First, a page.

Developers have pledged to create a new restaurant honouring the Aberdeen granite industry, a walkway, added green space and 40 additional parking spaces as they try to realise their multi-million pound vision for hundreds of flats at Rubislaw quarry.
Canadian firm Carttera have gone back to the drawing board after a protracted battle to build the massive development on the south side of the site.
Their initial £68 million plans for 300 luxury apartments and facilities – including a mini-museum – was thrown out by the city council’s planning committee and denied on appeal by the Scottish Government.
But the firm will soon submit new plans for 250 flats, a gym, public bistro and around 240 parking spaces they hope will finally find favour.
At its highest point, the building could reach ten stories into the Aberdeen skyline.
Building on the edge of the quarry has proved highly controversial in the leafy west end community, with fears raised over the size and scale of the buildings and a potential increase in traffic with the new residents.
A record 350 objections were sent in relation to the original application.
Yesterday, architects and designers working for the proposal presented their vision to councillors ahead of submitting a new scaled-down planning application.
Jamie Smilie, who is designing the scheme for Carttera, told the special meeting that the firm hoped that by opening up access to the famous quarry they could draw more visitors to the Granite City, boosting its tourism offering.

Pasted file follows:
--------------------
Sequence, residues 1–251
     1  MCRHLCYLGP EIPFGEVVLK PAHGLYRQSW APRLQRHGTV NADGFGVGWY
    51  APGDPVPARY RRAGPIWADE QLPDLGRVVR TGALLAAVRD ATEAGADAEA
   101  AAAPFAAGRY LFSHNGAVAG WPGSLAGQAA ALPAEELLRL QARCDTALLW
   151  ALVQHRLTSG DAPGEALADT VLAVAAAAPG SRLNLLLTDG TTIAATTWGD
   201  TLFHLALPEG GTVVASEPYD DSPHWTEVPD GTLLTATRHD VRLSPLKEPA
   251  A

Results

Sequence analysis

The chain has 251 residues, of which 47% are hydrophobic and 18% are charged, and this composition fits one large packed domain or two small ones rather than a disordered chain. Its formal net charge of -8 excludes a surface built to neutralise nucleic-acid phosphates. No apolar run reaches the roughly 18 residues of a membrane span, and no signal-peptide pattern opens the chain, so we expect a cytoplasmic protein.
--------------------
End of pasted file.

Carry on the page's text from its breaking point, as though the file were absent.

He said: “There will be benefits from this proposal that will come to the city.
“There will be a publicly accessible walkway and a public bistro which will not just attract residents but visitors as well.
“We want to tell the story of the granite industry in the bistro. I think it will embody the spirit of the quarry.
“We have added public open space, and as a result of our public consultation we have added 40 parking spaces.”
He confirmed that anyone just wishing to view the exhibits at the bistro, without eating, would be able to do so.
A long-running conflict with local businessman Hugh Black, who wants to create a £6 million heritage centre on the southern edge of the site, is also ongoing.
He has reiterated his opposition to the updated scheme.
Once consultation is completed, a formal planning application will be submitted to the council.
Any official comments in relation to the scheme can then be made to the local authority.